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RSOE Report (emphasis mine)
Reports of a "volcano-like eruption" in Kangra district in Himachal Pradesh has triggered panic among the people of the area. Flames and a hot liquid stream were seen spewing out of a hill 100 m from Gadiyada village. The village is over 200 km from Shimla. After a report by the state geologists confirmed the eruption as 'small magmatic activity', a team of Geological Survey of India (GSI) reached the site on Thursday. This is the first time such a volcanic activity has been witnessed in the state. Fearing that a bigger eruption could damage their agricultural land and houses, residents of around half a dozen villages in the vicinity of the eruption are anxiously awaiting the final report of GSI team. "Gases and liquids are being emitted from holes in a 10 feet area around the hill where the volcanic activity took place," said Ved Prakash, president of Drang panchayat.
Former state geologist Arun Sharma said occurrence of such a volcanic eruption has been reported for the first time in Himachal Pradesh but the presence of magmatic substance is not new to the state. He said that existence of hot sulphur springs at Manikaran, Kalath, Tattapni and Vashishth confirms that magmatic material is present underneath these springs.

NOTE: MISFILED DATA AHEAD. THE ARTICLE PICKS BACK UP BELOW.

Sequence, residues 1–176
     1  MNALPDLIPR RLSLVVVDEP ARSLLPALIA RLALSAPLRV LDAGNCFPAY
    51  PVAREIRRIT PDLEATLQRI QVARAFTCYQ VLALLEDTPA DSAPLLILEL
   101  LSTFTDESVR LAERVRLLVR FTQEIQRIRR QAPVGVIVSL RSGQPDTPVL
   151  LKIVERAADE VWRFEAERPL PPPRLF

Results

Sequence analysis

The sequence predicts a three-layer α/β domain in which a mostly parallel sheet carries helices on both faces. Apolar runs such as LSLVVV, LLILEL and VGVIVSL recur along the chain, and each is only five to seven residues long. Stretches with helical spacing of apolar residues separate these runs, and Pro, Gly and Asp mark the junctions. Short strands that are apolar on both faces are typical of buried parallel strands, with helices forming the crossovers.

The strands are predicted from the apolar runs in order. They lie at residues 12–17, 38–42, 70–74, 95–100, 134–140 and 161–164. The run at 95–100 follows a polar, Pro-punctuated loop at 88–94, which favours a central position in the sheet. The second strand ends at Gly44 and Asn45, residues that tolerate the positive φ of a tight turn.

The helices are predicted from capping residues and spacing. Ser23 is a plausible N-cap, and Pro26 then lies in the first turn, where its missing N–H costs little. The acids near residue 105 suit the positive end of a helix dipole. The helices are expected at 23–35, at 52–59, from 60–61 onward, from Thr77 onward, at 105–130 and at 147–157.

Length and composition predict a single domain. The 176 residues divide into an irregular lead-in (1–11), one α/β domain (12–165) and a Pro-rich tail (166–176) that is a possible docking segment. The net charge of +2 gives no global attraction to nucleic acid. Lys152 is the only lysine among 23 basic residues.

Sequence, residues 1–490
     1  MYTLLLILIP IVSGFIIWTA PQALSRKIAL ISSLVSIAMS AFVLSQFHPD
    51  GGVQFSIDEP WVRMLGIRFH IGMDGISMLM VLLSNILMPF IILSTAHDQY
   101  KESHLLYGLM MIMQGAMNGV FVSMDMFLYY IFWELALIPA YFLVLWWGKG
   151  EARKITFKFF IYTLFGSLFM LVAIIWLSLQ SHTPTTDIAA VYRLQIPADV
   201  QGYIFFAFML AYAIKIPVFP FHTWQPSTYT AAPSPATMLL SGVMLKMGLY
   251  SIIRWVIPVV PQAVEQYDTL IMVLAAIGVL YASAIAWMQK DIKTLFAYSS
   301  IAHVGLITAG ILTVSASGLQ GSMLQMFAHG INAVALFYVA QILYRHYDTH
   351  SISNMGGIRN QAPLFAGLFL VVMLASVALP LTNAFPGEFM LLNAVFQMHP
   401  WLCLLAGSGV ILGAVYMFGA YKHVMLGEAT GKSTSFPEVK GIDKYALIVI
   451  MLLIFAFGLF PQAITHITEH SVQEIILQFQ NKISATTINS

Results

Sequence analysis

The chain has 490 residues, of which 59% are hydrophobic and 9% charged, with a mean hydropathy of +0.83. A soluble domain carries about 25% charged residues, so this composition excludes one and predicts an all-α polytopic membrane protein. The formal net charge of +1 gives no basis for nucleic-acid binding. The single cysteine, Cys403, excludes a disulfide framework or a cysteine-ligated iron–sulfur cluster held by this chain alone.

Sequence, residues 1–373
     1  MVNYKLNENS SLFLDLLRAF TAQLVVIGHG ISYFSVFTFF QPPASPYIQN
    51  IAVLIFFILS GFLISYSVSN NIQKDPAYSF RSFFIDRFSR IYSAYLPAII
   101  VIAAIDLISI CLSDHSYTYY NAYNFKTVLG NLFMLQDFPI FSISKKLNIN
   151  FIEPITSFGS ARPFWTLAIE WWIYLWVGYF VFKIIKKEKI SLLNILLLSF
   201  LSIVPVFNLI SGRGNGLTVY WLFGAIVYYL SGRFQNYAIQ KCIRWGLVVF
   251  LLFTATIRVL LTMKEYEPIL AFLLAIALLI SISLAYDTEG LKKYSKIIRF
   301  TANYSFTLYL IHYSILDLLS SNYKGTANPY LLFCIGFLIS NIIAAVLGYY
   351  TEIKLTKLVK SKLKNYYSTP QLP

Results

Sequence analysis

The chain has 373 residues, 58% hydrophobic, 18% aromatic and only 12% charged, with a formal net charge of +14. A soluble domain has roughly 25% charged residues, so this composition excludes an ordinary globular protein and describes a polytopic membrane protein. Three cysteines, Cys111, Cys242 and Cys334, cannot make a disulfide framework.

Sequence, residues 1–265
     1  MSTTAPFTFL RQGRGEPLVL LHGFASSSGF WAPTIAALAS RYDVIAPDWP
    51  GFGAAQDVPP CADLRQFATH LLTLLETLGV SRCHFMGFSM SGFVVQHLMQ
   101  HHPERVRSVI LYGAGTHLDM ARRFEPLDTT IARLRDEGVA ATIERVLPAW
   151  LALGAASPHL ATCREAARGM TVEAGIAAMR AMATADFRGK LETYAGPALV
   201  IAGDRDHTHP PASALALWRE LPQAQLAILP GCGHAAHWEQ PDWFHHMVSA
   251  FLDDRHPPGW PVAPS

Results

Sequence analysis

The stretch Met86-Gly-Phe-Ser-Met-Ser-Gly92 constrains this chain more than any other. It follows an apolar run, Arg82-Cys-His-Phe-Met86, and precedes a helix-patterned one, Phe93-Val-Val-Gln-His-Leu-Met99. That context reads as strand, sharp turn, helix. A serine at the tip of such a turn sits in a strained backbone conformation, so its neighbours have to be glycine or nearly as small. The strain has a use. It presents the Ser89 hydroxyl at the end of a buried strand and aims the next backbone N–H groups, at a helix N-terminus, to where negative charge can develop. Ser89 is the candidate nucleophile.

Paricutin-Mexico's most famous volcano.
One day in 1943, a farmer in a small village in central Mexico in the state of Michoacan set out to plow his cornfield. It seemed like any ordinary Saturday, the month was February and the skies were clear. The farmer, Dionisio Pulido, was attending his crop of corn when he heard low rumblings emanating from the earth.
Suddenly and without warning, much to the farmer's consternation, the earth started to open up before his very eyes. A huge crack appeared in the dirt directly in front of where he stood.
Two villages were buried by the volcano's lava and ash, Paricutin and San Juan Parangaricutiro. A striking example of the volcano's effects can be seen in photos of the church that was buried neck high in San Juan Parangaricutiro.
"Gases and liquids are being emitted from holes in a (10-foot) area around the hill where the volcanic activity took place," said Ved Prakash, president of the local village council. The Times of India reports that further examination by a team from the Geological Survey of India determined that the fiery phenomenon was due to a high-voltage current passing through the ground from an electric pole located on the hill. They found that the extreme heat caused by the current melted silica stones, which appeared to spew as lava.